Political Forecasting - Special Interest Groups
Political Forecasting

The Political Forecasting Special Interest Group is a resource for scholars and practitioners interested in forecasting elections and other political events.

 

 

Contact Information

This website is the product of collaboration on the part of J. Scott Armstrong and

Alfred G. Cuzán

Professor of Political Science
The University of West Florida
Pensacola, FL 32514

Publications

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Telephone: (850) 474-2345
Fax: (850) 473-7001

Randall Jones

Professor of Political Science
University of Central Oklahoma
Edmond, OK 73034

Author of Who Will Be in the White House? Predicting Presidential Elections (New York: Longman Publishers, 2002).

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Telephone: (405) 974-5270
Fax: (405) 974-3823


Acknowledgements: The inspiration and drive for the launching of politicalforecasting.com originated with J. Scott Armstrong, Polly's energizer extraordinaire. Many thanks to Steve Archibald, who suggested the name Polly. Thanks, too, to John Carstens, RIP, our first Pollynician, for his technical assistance during the first years of Polly’s life.


 

What's new

Scott Armstrong will present findings on the accuracy of forecasts from novel but evidence-based methods for forecasting election results in a keynote speech at the International Symposium on Forecasting in Hong Kong in June. The research is part of the PollyVote Project with colleagues Alfred G. Cuzán, Andreas Graefe, and Randall Jones. (19 May, 2009)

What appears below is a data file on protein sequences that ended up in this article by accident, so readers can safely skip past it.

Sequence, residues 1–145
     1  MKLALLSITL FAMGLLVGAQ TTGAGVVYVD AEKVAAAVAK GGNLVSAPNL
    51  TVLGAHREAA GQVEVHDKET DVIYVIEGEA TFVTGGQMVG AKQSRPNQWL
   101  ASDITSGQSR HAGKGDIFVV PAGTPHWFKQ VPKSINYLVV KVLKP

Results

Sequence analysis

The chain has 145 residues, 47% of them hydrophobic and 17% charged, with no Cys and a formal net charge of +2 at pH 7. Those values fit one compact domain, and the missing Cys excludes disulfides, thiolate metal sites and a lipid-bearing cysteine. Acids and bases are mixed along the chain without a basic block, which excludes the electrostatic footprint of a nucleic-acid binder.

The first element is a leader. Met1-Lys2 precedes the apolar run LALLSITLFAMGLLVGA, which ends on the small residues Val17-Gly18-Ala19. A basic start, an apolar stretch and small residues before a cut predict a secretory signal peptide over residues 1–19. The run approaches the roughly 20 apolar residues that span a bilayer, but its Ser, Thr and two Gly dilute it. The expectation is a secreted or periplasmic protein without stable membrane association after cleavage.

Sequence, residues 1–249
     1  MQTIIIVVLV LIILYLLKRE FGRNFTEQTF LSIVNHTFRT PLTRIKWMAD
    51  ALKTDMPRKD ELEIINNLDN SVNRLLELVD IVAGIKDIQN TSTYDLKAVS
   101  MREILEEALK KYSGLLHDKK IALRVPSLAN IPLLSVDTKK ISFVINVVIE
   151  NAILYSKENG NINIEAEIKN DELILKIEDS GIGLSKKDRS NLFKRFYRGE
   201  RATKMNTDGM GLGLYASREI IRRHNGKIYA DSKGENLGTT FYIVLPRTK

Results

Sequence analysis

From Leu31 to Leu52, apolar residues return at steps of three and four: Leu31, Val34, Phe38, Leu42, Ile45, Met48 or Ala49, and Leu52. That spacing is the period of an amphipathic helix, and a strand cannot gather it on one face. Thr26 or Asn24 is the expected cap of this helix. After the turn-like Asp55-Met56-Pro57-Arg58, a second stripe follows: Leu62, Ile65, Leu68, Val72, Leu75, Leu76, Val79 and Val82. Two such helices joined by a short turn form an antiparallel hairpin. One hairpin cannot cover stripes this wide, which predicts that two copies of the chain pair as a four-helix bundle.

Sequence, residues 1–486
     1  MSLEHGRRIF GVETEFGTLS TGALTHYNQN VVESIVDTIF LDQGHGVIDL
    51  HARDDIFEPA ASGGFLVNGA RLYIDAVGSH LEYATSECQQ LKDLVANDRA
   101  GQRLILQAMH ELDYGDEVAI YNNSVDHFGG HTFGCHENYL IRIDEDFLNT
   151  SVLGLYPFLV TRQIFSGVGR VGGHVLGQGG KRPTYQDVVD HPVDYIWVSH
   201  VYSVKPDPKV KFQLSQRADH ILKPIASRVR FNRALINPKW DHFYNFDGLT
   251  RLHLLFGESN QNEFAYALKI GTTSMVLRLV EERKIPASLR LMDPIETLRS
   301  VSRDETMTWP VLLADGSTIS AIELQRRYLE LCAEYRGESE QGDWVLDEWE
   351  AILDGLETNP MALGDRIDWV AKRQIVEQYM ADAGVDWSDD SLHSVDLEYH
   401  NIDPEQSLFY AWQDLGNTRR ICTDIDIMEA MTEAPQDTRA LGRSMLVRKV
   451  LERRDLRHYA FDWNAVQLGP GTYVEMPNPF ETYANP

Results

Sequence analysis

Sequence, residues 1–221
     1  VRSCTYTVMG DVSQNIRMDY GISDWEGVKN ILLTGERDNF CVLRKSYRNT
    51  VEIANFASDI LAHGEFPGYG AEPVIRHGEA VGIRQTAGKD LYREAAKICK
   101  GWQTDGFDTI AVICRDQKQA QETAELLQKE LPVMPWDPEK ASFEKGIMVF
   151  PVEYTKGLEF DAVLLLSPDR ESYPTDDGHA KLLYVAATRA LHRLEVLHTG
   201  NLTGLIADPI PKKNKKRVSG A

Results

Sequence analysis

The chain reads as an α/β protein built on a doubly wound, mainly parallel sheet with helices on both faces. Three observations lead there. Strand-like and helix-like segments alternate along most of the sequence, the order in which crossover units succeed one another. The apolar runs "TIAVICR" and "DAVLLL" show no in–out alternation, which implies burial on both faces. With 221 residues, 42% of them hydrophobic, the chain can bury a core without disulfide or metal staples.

Polly crows: For the second time in a row, Polly called a presidential election with a perfect or near-perfect forecast. When the final results were in for the 2004 election Pollyvote was off by a mere one-fourth of one percent. This morning preliminary totals showed the Obama-Biden ticket taking 53% of the two-party vote, exactly what Polly predicted on Election Eve. Once again, Polly has shown that a combination of election forecasts within and across methods is hard to beat. (5 November, 2008) more ...

Election decided on issues, not race. Voters selected the candidate they expected to do better in solving the country's problems. Graefe and Armstrong used the index method and data from polling of potential voters’ opinions about how the candidates would handle issues of concern to predict Barack Obama to win as early as March. In their last forecast before the election they predicted Obama would receive 52.5% of the popular two-party vote, which erred by only 0.6%. (5 November 2008) more ...

 

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